Japanese editorial excerpts-GOV'T MUST CHANGE ITS REFORM PLAN.
Selected editorial excerpts from the Japanese press:
GOV'T MUST CHANGE ITS REFORM PLAN (The Daily Yomiuri as translated from the Japanese-language Yomiuri Shimbun)
In which direction is the world's second-largest economy headed? On Wednesday, the Nikkei Stock Average of 225 selected issues closed below 10,000, affected by simultaneous drops in other stock markets around the world that followed the series of terrorist strikes in the United States a day earlier. Wednesday's close at the Tokyo Stock Exchange was comparable to the Nikkei average in August 1984.
The sharp drop below the 10,000 level obviously reflected the crisis facing the nation's economy in recent months. Prices have continued to fall largely because of an enormous supply-demand gap...The nation's gross domestic product in the April-June quarter dropped an annualized 10.3 percent...
The terrorist attacks in the United States have delivered a blow to the Japanese economy. There are growing concerns that this could trigger a global recession. If the sharp drop in Japanese stock prices brought on a financial panic at home, the global economy could reach a critical phase.
Prime Minister Junichiro Koizumi should take the severity of the crisis to heart and take resolute steps to deal with the extraordinary situation.
Undoubtedly, it is necessary for Koizumi to promote structural reforms from a long-range perspective. However, the prime minister should be allowed to change his mind if circumstances so demand...
A crucial task facing the prime minister is to demonstrate a firm determination to end the deflationary crisis facing this country and help stabilize the global economy. He must carry out necessary measures to accomplish that goal.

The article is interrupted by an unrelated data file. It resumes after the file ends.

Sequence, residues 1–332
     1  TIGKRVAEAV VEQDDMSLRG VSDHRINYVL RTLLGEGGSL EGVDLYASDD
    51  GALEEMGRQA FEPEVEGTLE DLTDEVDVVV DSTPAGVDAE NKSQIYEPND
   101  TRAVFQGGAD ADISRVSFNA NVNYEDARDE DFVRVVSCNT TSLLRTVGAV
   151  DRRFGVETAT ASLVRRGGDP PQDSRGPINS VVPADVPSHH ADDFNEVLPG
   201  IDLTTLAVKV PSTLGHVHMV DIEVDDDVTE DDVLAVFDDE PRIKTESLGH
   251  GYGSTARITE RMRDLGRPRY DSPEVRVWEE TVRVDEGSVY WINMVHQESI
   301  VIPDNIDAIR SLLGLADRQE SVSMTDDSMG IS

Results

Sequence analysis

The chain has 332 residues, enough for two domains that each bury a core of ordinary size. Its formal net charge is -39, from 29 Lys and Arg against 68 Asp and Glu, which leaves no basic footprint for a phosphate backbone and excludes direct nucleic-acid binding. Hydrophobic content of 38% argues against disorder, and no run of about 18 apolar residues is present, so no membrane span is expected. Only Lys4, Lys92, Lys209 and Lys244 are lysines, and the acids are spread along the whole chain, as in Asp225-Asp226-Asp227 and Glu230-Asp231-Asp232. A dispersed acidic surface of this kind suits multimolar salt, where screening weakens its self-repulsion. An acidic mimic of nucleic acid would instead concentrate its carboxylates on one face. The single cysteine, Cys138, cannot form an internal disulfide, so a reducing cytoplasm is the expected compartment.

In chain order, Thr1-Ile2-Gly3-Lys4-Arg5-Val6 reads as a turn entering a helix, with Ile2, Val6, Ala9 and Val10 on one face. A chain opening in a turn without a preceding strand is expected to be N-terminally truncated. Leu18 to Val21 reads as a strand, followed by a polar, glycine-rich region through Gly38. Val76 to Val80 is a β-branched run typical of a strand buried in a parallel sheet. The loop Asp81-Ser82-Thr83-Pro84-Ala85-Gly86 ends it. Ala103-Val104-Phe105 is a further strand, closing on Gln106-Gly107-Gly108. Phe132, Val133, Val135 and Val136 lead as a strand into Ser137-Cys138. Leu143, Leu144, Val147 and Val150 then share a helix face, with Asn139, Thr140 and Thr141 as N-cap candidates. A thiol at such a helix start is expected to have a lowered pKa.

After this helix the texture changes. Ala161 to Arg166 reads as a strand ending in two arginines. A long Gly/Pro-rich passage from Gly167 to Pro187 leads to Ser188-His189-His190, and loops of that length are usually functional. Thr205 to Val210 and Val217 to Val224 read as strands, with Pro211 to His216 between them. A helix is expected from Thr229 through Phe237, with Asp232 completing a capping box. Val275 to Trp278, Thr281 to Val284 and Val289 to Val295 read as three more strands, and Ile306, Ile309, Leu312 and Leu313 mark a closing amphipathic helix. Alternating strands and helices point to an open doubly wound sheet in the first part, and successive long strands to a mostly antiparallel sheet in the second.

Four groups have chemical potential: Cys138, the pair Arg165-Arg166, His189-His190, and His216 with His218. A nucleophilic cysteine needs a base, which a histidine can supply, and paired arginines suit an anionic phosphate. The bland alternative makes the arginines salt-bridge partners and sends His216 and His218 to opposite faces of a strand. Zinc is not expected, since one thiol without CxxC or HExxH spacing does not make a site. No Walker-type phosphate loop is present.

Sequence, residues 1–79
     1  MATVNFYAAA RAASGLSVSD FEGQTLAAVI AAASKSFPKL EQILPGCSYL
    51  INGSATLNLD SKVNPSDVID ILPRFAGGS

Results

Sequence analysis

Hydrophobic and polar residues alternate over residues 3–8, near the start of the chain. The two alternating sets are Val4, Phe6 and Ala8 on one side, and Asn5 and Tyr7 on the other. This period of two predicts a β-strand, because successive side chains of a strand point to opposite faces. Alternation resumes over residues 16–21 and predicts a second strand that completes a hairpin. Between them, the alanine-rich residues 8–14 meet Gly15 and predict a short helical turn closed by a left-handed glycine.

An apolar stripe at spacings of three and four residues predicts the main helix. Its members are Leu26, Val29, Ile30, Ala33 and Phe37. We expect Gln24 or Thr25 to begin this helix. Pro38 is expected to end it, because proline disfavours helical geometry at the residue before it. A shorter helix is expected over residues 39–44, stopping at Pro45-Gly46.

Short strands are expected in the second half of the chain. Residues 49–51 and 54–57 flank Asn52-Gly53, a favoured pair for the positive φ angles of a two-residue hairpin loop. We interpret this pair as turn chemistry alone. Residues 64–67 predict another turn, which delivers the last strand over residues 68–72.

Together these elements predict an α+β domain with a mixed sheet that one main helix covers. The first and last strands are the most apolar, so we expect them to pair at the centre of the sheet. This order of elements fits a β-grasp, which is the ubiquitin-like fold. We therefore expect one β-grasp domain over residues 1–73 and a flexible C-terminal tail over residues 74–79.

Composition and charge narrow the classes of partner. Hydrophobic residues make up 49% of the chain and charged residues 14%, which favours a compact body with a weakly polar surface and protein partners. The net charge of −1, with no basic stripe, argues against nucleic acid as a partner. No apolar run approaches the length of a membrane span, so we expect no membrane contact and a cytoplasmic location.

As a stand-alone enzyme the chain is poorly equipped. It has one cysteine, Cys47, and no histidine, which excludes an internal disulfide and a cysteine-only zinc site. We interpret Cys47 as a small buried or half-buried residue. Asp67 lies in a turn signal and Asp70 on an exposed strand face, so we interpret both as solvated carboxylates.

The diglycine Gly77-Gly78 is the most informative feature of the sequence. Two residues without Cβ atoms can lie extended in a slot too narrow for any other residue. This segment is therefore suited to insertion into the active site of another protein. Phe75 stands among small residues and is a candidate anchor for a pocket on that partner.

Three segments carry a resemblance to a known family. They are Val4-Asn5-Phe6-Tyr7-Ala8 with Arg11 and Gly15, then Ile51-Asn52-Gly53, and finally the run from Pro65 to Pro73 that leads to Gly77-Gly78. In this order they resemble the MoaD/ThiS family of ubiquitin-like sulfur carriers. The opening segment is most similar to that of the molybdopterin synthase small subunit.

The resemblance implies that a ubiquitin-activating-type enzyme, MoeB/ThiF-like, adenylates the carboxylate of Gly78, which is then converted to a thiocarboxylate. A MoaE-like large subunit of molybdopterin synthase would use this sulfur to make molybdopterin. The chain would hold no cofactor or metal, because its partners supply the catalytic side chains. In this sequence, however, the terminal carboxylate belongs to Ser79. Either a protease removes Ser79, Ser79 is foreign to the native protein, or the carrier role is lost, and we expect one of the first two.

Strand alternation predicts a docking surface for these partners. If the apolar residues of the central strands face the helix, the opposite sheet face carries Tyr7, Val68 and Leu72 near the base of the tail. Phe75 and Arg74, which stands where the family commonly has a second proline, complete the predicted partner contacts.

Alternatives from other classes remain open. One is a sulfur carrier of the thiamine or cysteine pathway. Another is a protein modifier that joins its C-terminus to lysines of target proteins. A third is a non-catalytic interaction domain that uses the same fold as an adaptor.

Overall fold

In December 1989, the Nikkei average rose to an all-time high of 38,915. However, stock prices continued to fall during the 1990s, following the collapse of the bubble economy...
Current stock prices equal one-fourth of the levels in December 1989...
Efforts to shore up stock prices by placating market players' anxiety call for a hefty supplementary budget. The government must put together effective programs aimed at boosting the economy and promoting reforms under the supplementary budget. Programs should include measures to create jobs and renovate urban areas...
Meanwhile, the Bank of Japan should consider further relaxing its monetary policy with the aim of encouraging the mobility of money and ending the current deflationary crisis...In addition, the bank should do all it can to halt the excessive rise in the value of the yen.
The economy of a nation will always change. The question is whether legislators and the Bank of Japan will be able to devise flexible measures to fight the crisis facing their country today.
About 70 years ago, then Prime Minister Osachi Hamaguchi pushed ahead with deflationary policies at a time when his country was in the throes of deflation. He lifted the gold embargo and curtailed the government's budget. The result of his policies was that the economy collapsed under the global financial panic triggered by the Depression in the United States. The same mistake should never be repeated.
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|Publication:||Japan Policy & Politics|
|Date:||Sep 17, 2001|
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